Dr. Bharat Agarwal *
Department of Pediatrics.*
Important note
The above algorithm is based on a protocol agreed across all the London (UK) Pediatric Hematology centers. All large institutions should have a similar locally agreed protocol taking account of local patterns of infection and resistance. The above algorithm and notes are thus designed to show the principles of management of febrile neutropenia, rather than recommending specific antibiotics

  1. Febrile neutropenia is defined as: Neutropenia < x 10⁹/l or 1,000/ul) and fever > 38°C for more than 4 hr or on 2 occasions at least 4 hr apart or fever > 38.5°C on one occasion or clinical suspicion of sepsis in the absence of fever. Fever should be unrelated to the transfusion of blood products. Febrile neutropenia requires urgent investigation and empirical antibiotic therapy.

  2. A thorough examination for sites of sepsis including any central venous access devices. Blood cultures before the start of antibiotic therapy is imperative. Each lumen of a central line should be sampled and / or peripheral venous cultures taken. Urine should be sent for microscopy and culture and swabs taken from sites of overt infection. CXR done if clinically appropriate.

  3. Most institutions still recommend an anti-pseudomonal penicillin and aminoglycoside as first line therapy. The combination provides synergy against aerobic gram negative bacteria. Oto and nephrotoxicity are negative. Single drug therapy with an antipseudomonal penicillin or third generation cephalosporin is not as effective, whereas monotherapy with a carbapenem (imipenem, meropenem) may be as effective, but is usually reserved for second line or specific therapy. Viridans streptococci bacteremia in the neutropenic patient can lead to ARDS and there is evidence that outcome is improved by the addition of vancomycin at the outset. In other situations, no benefit has been demonstrated for the initial inclusion of vancomycin. Many centers are now substituting teicoplanin for vancomycin because of decreased nephrotoxicity.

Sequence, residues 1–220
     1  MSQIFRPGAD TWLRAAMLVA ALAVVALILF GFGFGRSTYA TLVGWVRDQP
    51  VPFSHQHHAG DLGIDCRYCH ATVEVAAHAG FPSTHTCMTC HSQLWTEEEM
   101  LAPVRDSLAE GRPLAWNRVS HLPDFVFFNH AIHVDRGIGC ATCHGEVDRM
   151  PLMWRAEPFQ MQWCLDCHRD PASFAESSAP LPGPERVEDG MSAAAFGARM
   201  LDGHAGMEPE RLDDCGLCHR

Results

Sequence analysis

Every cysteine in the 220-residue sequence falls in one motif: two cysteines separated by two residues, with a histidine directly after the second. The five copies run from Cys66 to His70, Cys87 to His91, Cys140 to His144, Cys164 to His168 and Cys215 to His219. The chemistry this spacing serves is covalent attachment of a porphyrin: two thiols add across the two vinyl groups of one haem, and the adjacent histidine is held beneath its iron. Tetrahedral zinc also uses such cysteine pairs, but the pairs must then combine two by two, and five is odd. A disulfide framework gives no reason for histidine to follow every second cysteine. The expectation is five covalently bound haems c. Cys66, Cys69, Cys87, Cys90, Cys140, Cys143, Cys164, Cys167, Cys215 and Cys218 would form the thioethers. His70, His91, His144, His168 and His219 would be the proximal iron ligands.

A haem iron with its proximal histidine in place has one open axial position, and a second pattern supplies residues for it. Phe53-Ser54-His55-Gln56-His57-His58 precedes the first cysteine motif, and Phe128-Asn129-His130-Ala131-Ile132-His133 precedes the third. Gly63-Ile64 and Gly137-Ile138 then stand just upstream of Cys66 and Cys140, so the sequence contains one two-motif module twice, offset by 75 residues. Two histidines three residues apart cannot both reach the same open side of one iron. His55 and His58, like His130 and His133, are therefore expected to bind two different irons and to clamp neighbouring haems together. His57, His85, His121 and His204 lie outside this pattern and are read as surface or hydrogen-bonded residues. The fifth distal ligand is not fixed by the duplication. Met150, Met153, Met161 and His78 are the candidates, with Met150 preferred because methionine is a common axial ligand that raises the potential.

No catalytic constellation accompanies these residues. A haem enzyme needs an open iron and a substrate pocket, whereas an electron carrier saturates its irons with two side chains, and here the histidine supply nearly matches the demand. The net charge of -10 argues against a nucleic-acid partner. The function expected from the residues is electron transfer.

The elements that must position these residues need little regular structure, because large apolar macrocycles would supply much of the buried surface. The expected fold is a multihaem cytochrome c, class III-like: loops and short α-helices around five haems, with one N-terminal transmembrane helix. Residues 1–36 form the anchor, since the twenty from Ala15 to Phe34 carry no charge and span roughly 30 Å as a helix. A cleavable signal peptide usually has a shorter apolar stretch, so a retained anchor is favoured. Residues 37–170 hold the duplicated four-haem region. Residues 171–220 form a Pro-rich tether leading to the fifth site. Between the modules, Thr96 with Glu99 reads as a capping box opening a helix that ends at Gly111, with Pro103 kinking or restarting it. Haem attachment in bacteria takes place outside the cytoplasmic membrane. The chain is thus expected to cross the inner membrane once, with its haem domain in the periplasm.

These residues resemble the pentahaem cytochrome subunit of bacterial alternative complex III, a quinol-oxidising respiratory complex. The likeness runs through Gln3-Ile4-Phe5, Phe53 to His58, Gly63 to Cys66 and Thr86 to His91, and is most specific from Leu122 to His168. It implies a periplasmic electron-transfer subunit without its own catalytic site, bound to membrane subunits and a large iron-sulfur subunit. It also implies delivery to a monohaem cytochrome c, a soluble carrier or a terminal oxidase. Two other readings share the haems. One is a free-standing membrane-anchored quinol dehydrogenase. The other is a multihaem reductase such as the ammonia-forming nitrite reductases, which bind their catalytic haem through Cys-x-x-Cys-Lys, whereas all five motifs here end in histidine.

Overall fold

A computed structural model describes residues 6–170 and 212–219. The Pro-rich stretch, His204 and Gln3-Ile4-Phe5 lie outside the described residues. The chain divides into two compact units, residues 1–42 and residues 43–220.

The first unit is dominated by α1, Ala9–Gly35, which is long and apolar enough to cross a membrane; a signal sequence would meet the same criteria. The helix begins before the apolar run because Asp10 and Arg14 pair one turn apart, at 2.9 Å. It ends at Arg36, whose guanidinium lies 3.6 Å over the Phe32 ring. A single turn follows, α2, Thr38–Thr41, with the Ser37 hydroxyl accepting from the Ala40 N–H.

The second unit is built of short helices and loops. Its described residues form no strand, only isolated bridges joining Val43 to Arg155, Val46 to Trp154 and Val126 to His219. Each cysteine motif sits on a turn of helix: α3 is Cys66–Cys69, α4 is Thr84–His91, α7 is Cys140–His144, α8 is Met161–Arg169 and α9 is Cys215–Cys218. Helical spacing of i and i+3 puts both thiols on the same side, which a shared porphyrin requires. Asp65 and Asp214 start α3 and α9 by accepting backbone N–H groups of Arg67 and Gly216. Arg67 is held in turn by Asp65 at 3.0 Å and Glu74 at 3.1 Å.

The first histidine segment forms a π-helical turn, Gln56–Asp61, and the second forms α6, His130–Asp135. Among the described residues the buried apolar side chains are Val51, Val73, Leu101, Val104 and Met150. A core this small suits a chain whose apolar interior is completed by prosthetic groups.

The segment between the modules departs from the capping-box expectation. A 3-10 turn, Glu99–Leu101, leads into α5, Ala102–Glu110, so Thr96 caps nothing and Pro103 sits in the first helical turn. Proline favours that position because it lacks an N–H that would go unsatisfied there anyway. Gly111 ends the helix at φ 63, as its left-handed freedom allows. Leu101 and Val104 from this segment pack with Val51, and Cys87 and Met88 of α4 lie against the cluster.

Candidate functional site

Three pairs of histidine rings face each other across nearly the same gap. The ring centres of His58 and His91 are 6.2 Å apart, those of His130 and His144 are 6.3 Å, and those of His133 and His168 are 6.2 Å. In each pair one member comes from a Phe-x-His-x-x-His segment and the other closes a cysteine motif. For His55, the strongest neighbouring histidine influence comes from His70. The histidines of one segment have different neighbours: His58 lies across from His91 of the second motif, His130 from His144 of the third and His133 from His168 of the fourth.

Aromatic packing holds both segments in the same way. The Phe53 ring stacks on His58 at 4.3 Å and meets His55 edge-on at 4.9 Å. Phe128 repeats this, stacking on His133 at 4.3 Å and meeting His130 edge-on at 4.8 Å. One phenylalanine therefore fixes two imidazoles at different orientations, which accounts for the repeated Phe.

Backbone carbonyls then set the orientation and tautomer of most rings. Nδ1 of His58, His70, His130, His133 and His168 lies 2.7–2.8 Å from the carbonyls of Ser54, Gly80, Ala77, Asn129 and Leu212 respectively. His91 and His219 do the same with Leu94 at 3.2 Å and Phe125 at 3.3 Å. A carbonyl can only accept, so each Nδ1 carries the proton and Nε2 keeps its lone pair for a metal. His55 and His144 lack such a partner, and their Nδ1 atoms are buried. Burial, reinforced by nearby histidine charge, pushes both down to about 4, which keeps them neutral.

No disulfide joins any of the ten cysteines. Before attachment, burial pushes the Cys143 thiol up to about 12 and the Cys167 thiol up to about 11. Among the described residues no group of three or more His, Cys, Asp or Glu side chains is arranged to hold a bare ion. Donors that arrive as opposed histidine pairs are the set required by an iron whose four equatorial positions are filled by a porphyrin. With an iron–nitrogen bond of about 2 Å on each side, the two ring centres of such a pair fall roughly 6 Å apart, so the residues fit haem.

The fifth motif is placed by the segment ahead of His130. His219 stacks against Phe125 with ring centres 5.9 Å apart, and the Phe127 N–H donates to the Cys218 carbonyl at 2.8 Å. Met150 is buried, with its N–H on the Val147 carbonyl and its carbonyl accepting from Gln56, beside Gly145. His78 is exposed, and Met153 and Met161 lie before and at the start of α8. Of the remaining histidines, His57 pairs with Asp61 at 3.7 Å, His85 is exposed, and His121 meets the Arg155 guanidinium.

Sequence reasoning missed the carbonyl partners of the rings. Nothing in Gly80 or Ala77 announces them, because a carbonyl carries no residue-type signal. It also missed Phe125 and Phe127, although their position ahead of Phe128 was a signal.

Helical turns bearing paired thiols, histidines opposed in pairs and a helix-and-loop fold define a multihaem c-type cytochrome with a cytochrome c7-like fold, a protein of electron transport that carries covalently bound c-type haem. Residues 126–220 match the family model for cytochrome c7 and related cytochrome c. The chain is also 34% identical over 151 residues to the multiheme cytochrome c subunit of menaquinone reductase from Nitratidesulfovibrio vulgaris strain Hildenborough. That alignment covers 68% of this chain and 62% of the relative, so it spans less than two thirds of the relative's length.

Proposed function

4. Positive isolates should be discussed with the microbiology department and therapy optimized while maintaining broad spectrum cover. High quality echocardiography should be arranged to look for signs of infective endocarditis, if Staphylococcus aureus is isolated and the length of therapy has been standard.

  5. Arrange CXR (for Aspergillus and interstitial pneumonitis) and consider echocardiography for vegetations, abdominal ultrasound for hepatosplenic candidiasis and high resolution chest CT (Aspergillus). Fungal infection is notoriously difficult to diagnose - it is thus now routine to initiate empirical amphotericin therapy at this stage.

  6. Although microbiologists recommend immediate line removal when S. aureus, Stenotrophomonas spp. or Pseudomonas spp. are isolated, this is not always clinically feasible and as long as the patient shows clinical recovery, many units will try to salvage the line. Clearly, persistently positive cultures in the face of appropriate antibiotic therapy necessitates line removal.

  7. Conventional amphotericin B is an effective but nephrotoxic anti-fungal agent, Liposomal preparations are now available and are as efficacious, less nephrotoxic, but much more expensive. Most units begin with conventional amphotericin B and progress to liposomal preparation when a predetermined rise in creatinine has occurred.

  8. Review antibiotics, consider second line therapy. Ultrasound/echocardiogram if not already done. Repeat CXR. Consider drug fever notoriously difficult to recognize. The addition of G-CSF may also be considered, but evidence to support its use in this situation is lacking. The evidence supporting the use of granulocyte transfusions is even less, although trials are now underway to try and identify particular situations where these may be of value.

  9. It is argued that antibiotics should be continued until neutropenia resolves, irrespective of the clinical condition of the patient or culture results. However, the algorithm above is suggested as a way of optimizing therapy whist minimizing toxicity, development of an antibiotic resistance and potential development of fungal infection.

  10. Pseudomonas app. and S. aureus need a minimum of 14 days therapy. A decision to stop antibiotics after a positive culture should be taken in conjunction with the microbiology department.

  11. Clearly, proven or suspicious fungal infections will require longer therapy and future prophylaxis. Oral itraconazole can be used for aspergillus infections and fluconazole for other fungal infections in the outpatient setting.
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